2003 – 2005: Master’s Degree (w/ Honours) – Université Paris-III (Sorbonne Nouvelle), Master’s Degree in Literature and Linguistics, main dissertations: ‘René Crevel: Poetics and Politics of the Surrealist Body’; ‘Robbe-Grillet, Sarraute,
Beckett. From Nouveau Roman to Nouvelle Autobiographie: New Fictions of Ipseity’; ‘Metanarrativity in
Raymond Queneau’s Novels’.

2000 – 2003: Preparatory Classes for Grandes Écoles (CPGE) – Lycée Cézanne (Aix-en-Pce)

Selected publications:

Book chapter
  • ‘Resisting Legitimacy’, in Contending Legitimacy in World Politics: The State, Civil Society and the International Sphere in the Twenty-First Century, edited by Bronwyn Winter and Lucia Sorbera (London and New York: Routledge, 2018).
Articles
  • ‘Is There an “Age of Deconstruction”? Thinking the Force of an Event, from dynamis to puissance’ – due to be published in 2018 in Oxford Literary Review (issue dedicated to the 50th anniversary of Derrida’s De la grammatologie).
  • ‘Book Review on Étienne Balibar’s Equaliberty and Violence and Civility’ – due to be published in 2018 in the journal Derrida Today.
  • ‘Croyance originaire, et survivances de la magie: Retour sur le “retour du religieux”’ – due to be published in December 2017 in Revue (issue on “L’à-venir de la religion”).
  • ‘Jacques Derrida et la question du terrorisme’ – published in August 2017 in L’ENA hors les murs, journal of the École Nationale d’Administration (issue on ‘Terrorism and War on Terror’).
  • ‘Resisting Legitimacy: Weber, Derrida, and the Fallibility of Sovereign Power’ – published in 2016 in the journal Global Discourse.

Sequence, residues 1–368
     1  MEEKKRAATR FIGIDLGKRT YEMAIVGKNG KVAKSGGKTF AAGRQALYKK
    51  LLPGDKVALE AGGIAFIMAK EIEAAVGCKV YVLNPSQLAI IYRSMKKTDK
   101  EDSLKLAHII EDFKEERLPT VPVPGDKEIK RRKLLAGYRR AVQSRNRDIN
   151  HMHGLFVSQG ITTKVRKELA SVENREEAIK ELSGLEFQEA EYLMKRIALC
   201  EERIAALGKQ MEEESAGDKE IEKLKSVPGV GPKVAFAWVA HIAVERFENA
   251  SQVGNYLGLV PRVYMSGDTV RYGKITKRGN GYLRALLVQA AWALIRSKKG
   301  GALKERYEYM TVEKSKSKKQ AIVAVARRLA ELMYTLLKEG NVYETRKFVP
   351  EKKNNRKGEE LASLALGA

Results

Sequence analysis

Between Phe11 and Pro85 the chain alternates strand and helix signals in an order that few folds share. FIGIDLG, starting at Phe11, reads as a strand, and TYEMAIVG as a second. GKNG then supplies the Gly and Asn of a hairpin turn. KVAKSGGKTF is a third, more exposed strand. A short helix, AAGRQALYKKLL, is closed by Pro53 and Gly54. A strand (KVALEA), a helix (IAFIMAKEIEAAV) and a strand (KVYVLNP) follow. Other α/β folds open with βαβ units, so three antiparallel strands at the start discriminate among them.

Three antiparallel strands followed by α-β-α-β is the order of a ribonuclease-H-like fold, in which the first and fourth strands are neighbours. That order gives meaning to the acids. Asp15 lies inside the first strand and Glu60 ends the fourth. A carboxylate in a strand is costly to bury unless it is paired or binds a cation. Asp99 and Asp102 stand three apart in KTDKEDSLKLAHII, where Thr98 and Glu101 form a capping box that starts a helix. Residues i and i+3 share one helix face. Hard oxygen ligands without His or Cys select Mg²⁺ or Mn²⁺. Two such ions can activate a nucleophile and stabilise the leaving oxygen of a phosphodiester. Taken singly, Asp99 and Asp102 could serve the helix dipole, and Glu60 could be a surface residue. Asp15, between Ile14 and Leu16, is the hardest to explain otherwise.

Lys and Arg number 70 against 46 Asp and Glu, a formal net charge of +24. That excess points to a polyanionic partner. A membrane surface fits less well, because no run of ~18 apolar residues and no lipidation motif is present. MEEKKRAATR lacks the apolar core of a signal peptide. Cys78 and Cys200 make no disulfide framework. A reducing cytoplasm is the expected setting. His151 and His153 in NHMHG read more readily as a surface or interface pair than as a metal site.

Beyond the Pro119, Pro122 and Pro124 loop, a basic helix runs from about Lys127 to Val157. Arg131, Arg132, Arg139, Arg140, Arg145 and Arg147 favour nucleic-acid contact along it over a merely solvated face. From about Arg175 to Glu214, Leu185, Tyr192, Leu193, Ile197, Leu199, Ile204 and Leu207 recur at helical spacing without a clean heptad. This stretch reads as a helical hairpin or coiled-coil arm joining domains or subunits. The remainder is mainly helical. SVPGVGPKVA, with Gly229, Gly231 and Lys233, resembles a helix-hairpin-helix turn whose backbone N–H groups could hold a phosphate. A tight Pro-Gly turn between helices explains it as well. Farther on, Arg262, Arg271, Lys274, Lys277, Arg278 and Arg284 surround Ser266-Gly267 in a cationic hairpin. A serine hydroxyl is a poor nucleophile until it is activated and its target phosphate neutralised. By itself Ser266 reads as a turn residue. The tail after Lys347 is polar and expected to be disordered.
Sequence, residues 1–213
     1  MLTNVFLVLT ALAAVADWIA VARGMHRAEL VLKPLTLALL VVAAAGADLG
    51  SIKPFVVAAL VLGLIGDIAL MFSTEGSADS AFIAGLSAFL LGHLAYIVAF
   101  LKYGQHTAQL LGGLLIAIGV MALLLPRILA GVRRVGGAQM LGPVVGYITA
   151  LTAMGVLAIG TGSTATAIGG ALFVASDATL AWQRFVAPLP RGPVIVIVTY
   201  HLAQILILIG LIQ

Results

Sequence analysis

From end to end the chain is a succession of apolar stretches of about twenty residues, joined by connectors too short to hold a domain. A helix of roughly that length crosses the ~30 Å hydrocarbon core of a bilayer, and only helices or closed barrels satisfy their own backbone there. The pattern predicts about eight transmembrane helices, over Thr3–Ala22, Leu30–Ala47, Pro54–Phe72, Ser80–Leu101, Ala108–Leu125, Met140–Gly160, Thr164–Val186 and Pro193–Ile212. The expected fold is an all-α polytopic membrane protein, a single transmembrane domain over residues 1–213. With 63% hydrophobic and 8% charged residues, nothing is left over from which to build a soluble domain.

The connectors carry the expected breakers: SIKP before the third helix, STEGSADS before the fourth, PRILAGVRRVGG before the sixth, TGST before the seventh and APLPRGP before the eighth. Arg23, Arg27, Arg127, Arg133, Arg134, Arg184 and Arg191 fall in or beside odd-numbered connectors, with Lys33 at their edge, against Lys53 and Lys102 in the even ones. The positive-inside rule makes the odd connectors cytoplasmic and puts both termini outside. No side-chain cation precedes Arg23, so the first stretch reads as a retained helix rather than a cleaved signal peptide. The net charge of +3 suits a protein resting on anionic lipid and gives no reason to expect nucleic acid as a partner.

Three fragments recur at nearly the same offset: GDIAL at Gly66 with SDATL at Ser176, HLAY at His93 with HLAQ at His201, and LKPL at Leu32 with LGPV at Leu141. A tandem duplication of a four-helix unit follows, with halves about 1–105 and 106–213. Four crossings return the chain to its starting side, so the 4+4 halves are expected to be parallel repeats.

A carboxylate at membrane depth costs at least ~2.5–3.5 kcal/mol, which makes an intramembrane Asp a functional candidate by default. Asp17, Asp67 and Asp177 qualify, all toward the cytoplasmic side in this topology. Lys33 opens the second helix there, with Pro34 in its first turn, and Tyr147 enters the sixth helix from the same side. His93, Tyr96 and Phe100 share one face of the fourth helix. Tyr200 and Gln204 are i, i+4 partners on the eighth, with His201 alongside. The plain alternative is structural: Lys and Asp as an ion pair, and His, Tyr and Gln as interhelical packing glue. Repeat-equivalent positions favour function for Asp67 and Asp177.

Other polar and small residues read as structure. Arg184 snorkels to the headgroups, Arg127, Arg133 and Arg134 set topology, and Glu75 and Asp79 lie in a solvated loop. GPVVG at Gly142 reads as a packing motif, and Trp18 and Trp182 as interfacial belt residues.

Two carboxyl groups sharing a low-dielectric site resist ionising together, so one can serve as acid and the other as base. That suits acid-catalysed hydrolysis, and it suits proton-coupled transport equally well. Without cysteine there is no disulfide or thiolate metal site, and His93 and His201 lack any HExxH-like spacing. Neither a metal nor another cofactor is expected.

Published translations
  • Jacques Derrida, ‘The Truth that Wounds: Body To Body, Tongue To Tongue’ – Translation in English of ‘La vérité blessante, ou le corps-à-corps des langues’ – to be published in 2018 in parallax (issue on corps).
  • Jacques Derrida, ‘Terreur et religion: Pour une nouvelle politique’ – Translation in French of ‘Terror, Religion, and the New Politics’ – to be published in December 2017 in Revue iter.

CFP – Disability, Health and Handicap in Social Sciences and Humanities

Interdisciplinary Workshop

Organizers: Kateřina Kolářová (Faculty of Humanities, Charles University, Prague – FHS UK), Martina Winkler (Christian-Albrechts-Universität, Kiel), Filip Herza (FHS UK / CEFRES), Kamila Šimandlová (FHS UK)
When
: 17/2/2018
Where: Akademické Centrum, Husova 4a, Prague 1
Language: Czech
Deadline for submission: 20/12/2017

Concepts of disability, health, sickness, debility, biological precarity and stigmatization come to the foreground in recent debates in social sciences and humanities. This workshop wants to open floor for interdisciplinary exchanges between disability studies and other fields of social sciences and humanities. Calling for explorations of different methodological approaches, perspectives and theoretical conceptualizations of disability and difference, debility and biological precarity, body and corporeality, the workshop aims to deepen discussions of already established themes, as well as to strike new theoretical paths. We specifically encourage presentations working with intersectional approaches that link disability to other categories of difference and power, such as gender, sexuality, ethnicity and race, class, age, and other relevant categories.

Presentations may address:

  • Cultural representations, cultural practices and symbolical regimes of body, embodiment, health, sickness and disability
  • Symbolical regimes of disability (such as e.g. “compulsory able-bodiedness and abledmindedness”), their reproduction and disturbances past and present
  • Moral economies of disability and the concept of welfare state in the state socialism and the post-socialist period
  • Post-/colonial politics of disability
  • Transnational circulations and translations of disability theory and disability politics
  • Transformations of expert discourses in relation to health and dis/ability, alternative knowledges and forms of expertise between the 19th and the 21th centuries